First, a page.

factors in greatly.                 greatly enhance the results.
Planetary – Small                Moderate to Difficult – Very dif-   Moderate and Tedious – Multi-      Okay to fair – Some detail on
                                 ficult without tracking. Camera     ple shots stacked / combined       Mars can be obtained.
                                 settings and focusing are criti-    are really needed to produce
                                 cal. Air stability factors in       good images and / or detail.
DSOs                             Moderate to Very difficult – but    Difficult – Almost always neces-   Very Good to poor – With a
                                 can been done. Must have            sary to combine multiple shots.    great amount of effort and
                                 tracking and a camera that can      Hot pixels / noise must be sub-    practice, mostly on the process-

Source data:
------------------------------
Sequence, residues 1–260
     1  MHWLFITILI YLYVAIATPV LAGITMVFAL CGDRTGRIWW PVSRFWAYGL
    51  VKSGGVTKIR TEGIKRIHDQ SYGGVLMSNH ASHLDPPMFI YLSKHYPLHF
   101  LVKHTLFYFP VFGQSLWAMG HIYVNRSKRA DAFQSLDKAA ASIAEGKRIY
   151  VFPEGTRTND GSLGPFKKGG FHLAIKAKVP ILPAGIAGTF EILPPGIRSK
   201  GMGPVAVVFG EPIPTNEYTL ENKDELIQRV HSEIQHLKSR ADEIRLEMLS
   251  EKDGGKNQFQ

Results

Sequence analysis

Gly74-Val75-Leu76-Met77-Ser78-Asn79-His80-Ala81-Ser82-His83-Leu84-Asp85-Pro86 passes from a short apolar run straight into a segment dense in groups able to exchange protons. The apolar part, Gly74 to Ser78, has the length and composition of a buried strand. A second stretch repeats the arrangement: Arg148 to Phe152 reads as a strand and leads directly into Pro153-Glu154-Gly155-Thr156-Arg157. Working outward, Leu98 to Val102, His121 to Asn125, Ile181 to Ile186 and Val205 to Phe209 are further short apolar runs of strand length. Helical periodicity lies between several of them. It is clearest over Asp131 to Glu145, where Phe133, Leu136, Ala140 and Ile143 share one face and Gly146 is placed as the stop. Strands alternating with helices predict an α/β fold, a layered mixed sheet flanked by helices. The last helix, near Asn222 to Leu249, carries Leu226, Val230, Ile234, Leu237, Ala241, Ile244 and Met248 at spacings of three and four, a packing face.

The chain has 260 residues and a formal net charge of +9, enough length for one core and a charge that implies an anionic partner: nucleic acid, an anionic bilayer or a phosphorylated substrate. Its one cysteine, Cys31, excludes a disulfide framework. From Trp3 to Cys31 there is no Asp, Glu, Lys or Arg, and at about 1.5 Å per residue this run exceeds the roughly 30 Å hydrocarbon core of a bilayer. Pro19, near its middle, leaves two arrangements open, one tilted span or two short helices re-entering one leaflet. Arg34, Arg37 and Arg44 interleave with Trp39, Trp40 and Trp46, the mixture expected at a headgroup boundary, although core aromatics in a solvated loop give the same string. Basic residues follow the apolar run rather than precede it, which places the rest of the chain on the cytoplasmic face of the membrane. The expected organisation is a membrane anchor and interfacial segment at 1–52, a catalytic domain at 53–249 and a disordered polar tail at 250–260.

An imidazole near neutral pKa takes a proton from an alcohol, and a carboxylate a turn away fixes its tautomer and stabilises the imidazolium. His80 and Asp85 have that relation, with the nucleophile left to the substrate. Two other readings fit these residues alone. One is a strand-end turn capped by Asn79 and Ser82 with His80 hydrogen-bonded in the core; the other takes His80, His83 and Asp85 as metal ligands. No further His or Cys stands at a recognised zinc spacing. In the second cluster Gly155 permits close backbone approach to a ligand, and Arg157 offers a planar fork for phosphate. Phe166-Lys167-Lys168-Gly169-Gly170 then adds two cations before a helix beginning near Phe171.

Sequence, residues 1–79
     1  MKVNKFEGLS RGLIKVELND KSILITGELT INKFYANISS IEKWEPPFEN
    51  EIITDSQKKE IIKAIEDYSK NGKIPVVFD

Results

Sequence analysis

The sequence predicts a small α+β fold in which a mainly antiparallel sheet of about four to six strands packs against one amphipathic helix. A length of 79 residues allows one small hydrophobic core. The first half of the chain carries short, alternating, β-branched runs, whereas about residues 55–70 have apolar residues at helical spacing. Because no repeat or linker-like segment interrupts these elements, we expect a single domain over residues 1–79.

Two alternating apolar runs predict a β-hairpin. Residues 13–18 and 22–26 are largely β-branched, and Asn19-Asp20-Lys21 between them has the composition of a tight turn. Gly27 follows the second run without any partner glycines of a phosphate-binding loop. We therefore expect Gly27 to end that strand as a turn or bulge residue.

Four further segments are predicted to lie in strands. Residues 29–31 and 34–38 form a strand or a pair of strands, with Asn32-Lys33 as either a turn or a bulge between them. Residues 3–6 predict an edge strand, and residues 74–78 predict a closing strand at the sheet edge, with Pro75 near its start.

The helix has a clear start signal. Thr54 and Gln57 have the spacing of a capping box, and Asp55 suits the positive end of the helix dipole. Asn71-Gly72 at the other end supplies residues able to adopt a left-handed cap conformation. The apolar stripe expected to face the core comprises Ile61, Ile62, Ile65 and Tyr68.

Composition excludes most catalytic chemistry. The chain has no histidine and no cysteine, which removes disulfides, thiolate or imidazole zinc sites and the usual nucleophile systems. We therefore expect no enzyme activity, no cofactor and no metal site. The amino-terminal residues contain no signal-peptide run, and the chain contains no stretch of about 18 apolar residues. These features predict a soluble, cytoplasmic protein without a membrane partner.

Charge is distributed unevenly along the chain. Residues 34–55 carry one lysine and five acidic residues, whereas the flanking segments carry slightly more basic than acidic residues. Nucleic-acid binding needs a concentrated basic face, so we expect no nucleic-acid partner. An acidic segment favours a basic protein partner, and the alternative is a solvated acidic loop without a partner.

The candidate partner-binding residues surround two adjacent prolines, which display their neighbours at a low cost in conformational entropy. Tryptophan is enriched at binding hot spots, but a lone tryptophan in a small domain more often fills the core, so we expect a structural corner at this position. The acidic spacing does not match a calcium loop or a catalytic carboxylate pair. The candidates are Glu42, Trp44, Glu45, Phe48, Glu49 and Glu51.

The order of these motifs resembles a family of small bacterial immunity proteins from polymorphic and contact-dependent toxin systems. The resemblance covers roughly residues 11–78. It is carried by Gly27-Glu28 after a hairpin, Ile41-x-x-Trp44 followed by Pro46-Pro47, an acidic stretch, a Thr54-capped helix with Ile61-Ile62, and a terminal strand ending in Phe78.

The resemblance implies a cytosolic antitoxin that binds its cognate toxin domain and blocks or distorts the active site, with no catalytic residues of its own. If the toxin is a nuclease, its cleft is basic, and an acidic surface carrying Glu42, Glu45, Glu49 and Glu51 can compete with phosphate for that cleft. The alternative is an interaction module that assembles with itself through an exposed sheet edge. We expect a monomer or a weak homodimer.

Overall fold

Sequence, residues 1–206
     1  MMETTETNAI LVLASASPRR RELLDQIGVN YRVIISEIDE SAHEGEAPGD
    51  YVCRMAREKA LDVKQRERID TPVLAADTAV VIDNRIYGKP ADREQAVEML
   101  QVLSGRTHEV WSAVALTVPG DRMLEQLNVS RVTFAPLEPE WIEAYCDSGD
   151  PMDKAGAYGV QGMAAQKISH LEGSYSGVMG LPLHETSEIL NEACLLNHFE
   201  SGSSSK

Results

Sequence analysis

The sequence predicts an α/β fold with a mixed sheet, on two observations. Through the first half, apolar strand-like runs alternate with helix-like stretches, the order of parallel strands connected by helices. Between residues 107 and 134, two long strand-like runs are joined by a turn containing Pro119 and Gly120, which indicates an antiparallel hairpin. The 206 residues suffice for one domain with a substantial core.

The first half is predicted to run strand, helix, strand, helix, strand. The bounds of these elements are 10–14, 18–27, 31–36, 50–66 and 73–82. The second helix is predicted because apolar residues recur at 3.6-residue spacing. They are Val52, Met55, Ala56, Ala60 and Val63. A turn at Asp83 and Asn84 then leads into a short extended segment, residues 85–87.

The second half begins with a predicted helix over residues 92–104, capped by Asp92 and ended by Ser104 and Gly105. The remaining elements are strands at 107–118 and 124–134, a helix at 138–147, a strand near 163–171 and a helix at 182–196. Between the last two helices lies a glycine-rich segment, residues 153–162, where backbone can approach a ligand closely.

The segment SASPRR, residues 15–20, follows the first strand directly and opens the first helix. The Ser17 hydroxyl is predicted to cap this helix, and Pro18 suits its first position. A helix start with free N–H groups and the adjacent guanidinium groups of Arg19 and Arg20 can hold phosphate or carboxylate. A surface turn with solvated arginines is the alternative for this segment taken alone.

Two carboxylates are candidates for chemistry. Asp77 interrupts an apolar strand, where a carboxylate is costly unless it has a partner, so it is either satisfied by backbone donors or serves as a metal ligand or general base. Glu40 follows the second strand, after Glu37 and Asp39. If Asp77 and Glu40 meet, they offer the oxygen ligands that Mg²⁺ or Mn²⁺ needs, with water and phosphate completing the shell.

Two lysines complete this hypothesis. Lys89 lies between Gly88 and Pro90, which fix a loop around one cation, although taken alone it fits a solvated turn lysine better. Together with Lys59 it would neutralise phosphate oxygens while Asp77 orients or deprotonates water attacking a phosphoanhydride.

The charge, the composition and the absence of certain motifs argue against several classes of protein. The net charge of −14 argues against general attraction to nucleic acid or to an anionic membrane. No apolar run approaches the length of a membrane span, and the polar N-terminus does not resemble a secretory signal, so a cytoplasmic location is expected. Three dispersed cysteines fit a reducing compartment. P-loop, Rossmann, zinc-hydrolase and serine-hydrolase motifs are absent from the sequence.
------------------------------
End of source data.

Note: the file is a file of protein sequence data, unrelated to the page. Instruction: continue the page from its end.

do long exposures (15 to 60         tracted. Balance of contrast       ing side. Larger apertures have
                                 secs depending on aperture).        and color is critical.             much better results.
                                 Light pollution factors in espe-
                                 cially in fainter DSOs.
                                                                                                                  (Continued on page 3)
       * Warning – never use a camera or telescope for solar viewing or imaging without proper filters in place!
     Digital Camera Astrophotography Tips and Techniques                                            (Continued)

(Continued from page 2)
Saturn you should get at least 200 to 300 pictures on a 64MB card. In uncompressed mode you may only be able to
get 15 to 30 shots.
Popular Cameras Used – The big three I have seen mostly used are the Nikon Coolpix 850/9xx (I have the 990),
Olympus 20xx/30xx, and Casio QV xxxx. There are many others but these seem to have most if not all the neces-
sary features most people want for Astrophotography. The costs for these range from about $300 to $750 (see links
below for more info) and are dropping quickly. They can also be obtained used for less expense.
Telescopes – Just about any type of telescope can be used. Important considerations are:
Telescope mount/tripod/forks – The more stable or sturdy of course the better.
Aperture – Size really does make a difference, especially when imaging fainter objects.